A Wedding at Hwamm
So parted they, and Thord is as wroth as wroth may be, deeming himself bemocked of them; but they ride to Gunnarstead first, thinking how they have played their game well to have brought Thord into the case, and right joyous are they. They rode not south as yet, but bade men to the feast, and made for Hwamm at the time appointed. There had Thord a many guests, and marshalled men to their seats in the evening: he himself sat on one bench with Gunnar his brother-in-law and his men, but Thorkel Welt sat beside the bridegroom on the other bench with their guests; the women filled the dais-bench.
So when the boards were set, Herstein the bridegroom leapt up and over the board to where was a certain stone; then he set one foot upon the stone, and spake: "This oath I swear hereby, that before the Althing is over this summer I shall have had Arngrim the priest made fully guilty, or gained self-doom else." Then back he strode to his seat.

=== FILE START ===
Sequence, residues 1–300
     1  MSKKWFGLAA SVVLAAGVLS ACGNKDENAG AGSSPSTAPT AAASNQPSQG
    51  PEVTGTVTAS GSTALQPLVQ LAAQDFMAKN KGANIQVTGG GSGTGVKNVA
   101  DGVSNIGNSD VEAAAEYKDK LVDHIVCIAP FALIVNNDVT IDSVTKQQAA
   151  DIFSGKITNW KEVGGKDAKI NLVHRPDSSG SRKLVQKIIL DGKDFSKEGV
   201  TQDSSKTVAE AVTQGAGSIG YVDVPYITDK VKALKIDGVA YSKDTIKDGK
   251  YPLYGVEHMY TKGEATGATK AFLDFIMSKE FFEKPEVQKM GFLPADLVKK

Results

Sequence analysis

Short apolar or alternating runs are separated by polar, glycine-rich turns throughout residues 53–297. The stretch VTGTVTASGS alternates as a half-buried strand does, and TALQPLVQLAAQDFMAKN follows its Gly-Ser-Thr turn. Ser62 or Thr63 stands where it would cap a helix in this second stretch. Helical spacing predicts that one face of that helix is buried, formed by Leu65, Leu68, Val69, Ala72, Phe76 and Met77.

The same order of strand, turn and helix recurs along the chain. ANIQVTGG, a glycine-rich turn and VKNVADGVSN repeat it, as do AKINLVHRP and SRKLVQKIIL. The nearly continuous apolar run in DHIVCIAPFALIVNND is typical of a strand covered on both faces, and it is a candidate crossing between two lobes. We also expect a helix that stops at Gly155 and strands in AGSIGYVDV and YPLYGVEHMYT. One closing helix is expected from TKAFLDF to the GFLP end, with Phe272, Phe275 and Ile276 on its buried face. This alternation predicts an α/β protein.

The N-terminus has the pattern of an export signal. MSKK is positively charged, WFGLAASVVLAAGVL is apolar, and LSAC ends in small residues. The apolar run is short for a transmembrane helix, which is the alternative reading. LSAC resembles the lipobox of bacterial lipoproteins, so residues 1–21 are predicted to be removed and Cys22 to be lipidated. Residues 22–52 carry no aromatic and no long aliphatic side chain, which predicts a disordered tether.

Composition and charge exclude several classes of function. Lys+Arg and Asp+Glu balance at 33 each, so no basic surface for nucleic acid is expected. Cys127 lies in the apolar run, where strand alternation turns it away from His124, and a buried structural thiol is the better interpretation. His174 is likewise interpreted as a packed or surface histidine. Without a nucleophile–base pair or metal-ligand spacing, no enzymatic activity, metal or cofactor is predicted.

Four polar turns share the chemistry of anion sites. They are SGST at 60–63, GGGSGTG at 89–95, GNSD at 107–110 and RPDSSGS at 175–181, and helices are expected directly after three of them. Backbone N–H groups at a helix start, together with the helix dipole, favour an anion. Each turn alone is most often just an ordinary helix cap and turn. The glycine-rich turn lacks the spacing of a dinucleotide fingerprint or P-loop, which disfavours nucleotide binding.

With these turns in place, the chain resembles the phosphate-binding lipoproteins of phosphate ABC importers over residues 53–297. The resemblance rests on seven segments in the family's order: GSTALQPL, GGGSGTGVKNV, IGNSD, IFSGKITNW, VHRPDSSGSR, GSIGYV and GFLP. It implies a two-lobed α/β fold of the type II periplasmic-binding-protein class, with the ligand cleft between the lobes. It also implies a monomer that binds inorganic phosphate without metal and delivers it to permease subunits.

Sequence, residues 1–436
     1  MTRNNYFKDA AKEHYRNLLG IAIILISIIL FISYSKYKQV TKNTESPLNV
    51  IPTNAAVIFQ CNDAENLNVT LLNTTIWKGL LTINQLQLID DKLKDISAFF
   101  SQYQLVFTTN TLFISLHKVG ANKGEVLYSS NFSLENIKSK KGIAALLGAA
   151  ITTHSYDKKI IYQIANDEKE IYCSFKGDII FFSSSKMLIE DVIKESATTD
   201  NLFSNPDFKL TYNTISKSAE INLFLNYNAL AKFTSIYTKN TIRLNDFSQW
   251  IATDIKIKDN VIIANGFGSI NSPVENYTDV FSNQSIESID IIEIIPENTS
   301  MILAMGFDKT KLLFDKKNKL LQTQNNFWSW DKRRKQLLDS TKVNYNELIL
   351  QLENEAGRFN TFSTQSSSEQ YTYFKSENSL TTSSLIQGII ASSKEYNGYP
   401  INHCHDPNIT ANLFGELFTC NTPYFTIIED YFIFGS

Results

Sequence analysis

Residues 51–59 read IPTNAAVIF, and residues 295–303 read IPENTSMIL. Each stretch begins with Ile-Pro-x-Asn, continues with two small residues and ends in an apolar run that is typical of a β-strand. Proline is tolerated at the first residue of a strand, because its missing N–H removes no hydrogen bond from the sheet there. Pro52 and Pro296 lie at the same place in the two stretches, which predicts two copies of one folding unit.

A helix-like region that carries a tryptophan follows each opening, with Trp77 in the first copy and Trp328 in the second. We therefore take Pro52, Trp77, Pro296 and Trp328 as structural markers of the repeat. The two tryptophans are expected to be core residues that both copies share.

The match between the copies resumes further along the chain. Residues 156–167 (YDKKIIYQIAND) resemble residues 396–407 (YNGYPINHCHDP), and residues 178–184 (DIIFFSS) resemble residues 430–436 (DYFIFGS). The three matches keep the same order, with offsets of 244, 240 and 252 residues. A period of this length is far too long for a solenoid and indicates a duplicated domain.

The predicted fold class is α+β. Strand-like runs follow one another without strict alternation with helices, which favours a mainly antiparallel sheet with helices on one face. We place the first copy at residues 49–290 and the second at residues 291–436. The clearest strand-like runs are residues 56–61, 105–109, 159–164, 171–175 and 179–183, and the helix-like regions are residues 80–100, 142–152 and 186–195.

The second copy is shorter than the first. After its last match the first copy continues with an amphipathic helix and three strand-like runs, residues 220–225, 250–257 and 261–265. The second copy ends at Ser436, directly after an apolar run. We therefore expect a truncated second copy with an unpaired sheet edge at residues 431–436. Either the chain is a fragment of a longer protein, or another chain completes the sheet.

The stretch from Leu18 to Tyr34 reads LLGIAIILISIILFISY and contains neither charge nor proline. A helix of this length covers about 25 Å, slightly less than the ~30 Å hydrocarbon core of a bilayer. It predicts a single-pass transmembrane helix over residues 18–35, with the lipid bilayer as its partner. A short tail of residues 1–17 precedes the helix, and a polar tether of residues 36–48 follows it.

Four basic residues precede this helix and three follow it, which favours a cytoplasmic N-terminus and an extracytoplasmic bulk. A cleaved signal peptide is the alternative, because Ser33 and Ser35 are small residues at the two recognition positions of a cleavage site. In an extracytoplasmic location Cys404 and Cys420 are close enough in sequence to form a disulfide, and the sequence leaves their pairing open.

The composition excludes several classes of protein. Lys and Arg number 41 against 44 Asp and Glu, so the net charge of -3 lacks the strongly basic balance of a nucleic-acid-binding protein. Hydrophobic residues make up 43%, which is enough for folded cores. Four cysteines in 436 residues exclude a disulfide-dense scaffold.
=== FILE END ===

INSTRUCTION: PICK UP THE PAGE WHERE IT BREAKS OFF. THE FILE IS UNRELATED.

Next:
Then sprang forth Gunnar and spake: "This oath swear I, that before the Althing is over this summer I shall have Thorwald Oddson to outlawry, or else self-doom to our side."
Then he stepped back and sat himself down at the board, and saith to Thord : "Why sittest thou there, Thord, and vowest nought of thine own about it? we wot thou hast e'en such things in thy heart as we have."
Thord answers: "It shall lie quiet, though, for this time."
Answers Gunnar: "If thou wilt that we speak for thee, then are we ready thereto, and we wot thou art minded to take Odd-a-Tongue."
Thord said: "Ye may rule your own speech, but I will be master over my words; bring that ye have . spoken to a good end."
Nought more to tell of befell at the feast, but it went on in noble fashion, and when it came to an end, each went about his own business, and winter wore away.
But in springtide they gathered men, and fared south to Burgfirth, and, coming to Northtongue, summoned Arngrim and Hen Thorir to the Thing of Thingness: but Herstein parted company from them with thirty men to go thither whereas he said he had heard tell of Thorwald Oddson's last night-harbour ; for Thorwald was gone from his winter guest-quarters. So the countryside is astir, and there is much talk, and mustering of men on either side.